However, more studies are still needed to explore new treatments for heart failure patients, the researchers added.

More information

The U.S. National Heart, Lung, and Blood Institute has more about heart failure.

-- Mary Elizabeth Dallas

SOURCE: University of California, Los Angeles, news release, May 23, 2013


'/>"/>
Copyright©2012 ScoutNews,LLC.
All rights reserved  

Related medicine news :

1. Experimental Gel May Help Those With Advanced Parkinsons
2. Advanced genetic screening method may speed vaccine development
3. Advanced Prostate Cancer Drug May Help at Earlier Stage
4. Obese More Likely to Be Diagnosed With Advanced Thyroid Cancer
5. GW researchers discover biomarker for advanced bile duct fibrosis and bile duct cancer
6. San Francisco’s Advanced Male Medical Center Announces Discount, Discusses Erectile Dysfunction
7. Advanced Osteoarthritis Of The Knee Is Now Being Treated With Regenerative Medicine At The Center For Regenerative Medicine
8. Ecig Advanced Sponsors Lexington's First Annual Vaping Event
9. Lack of insurance linked to advanced stage cervical cancer
10. Clinical trial seeks to cure advanced Crohns disease using bone marrow transplant
11. Imaging Tests Up Among Advanced Cancer Patients
Post Your Comments:
*Name:
*Comment:
*Email:
Related Image:
Advanced Heart Failure Still Kills 1 in 3 Within Three Years: Study
(Date:10/13/2017)... ... October 13, 2017 , ... The International Association ... standards of excellence for the field of eating disorders, announces the opening of ... 2018 in Orlando, Florida at the Omni Resort at ChampionsGate. , ...
(Date:10/13/2017)... (PRWEB) , ... October 13, 2017 , ... Lori R. ... a member of ElderCounsel, a national organization of elder law and special needs planning ... laws and rules. It also provides a forum to network with elder law attorneys ...
(Date:10/13/2017)... ... ... The Visiting Nurse Association (VNA) of Somerset Hills is proud to host ... items from across the nation, this holiday-themed event will raise funds and awareness for ... The boutique will be open Saturday, November 4 (10:00 a.m. – 5:00 p.m.) ...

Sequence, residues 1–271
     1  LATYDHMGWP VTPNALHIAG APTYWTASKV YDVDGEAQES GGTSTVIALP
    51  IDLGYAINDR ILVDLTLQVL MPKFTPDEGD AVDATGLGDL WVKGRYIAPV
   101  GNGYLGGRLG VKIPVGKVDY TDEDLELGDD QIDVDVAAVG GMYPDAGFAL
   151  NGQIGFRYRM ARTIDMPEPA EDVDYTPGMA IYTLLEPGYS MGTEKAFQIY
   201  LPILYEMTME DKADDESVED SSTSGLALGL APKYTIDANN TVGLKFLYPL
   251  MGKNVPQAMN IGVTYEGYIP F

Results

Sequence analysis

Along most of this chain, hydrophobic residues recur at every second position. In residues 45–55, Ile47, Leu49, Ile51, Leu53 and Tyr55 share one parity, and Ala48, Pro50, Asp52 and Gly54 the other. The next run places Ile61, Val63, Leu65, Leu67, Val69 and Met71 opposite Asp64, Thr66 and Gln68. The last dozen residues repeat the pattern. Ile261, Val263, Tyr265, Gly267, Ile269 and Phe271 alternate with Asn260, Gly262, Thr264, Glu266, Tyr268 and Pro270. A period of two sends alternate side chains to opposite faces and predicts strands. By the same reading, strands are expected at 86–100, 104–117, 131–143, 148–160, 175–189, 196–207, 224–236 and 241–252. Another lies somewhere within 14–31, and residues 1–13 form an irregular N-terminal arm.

(Date:10/13/2017)... ... October 13, 2017 , ... Yisrayl Hawkins, Pastor and Overseer ... one of the most popular and least understood books in the Holy Scriptures, Revelation. ... descriptions that have baffled scholars for centuries. Many have tossed it off as mere ...
(Date:10/13/2017)... ... October 13, 2017 , ... “The Journey: From the Mountains to ... to save lost souls in the Philippines. “The Journey: From the Mountains to the ... teacher of the Bible. She has taught all ages and currently teaches a class ...
Breaking Medicine News(10 mins):
(Date:10/12/2017)... , Oct. 12, 2017 West Pharmaceutical ... innovative solutions for injectable drug administration, today announced that ... market opens on Thursday, October 26, 2017, and will ... and business expectations at 9:00 a.m. Eastern Time. To ... 253-336-8738 (International). The conference ID is 94093362. ...
(Date:10/11/2017)... , Oct. 11, 2017  True Health, a ... amplified its effort during National Breast Cancer Awareness ... cancer risks. ... Oncology calculated that more than 10 million American ... mutations in BRCA1 or BRCA2 and have not had ...
(Date:10/10/2017)... --  West Pharmaceutical Services, Inc. (NYSE: WST), a ... today shared the results of a study highlighting the ... administration of polio vaccines. The study results were presented ... by Dr. Ondrej Mach , Clinical Trials and ... and recently published in the journal Vaccine. i ...
Breaking Medicine Technology: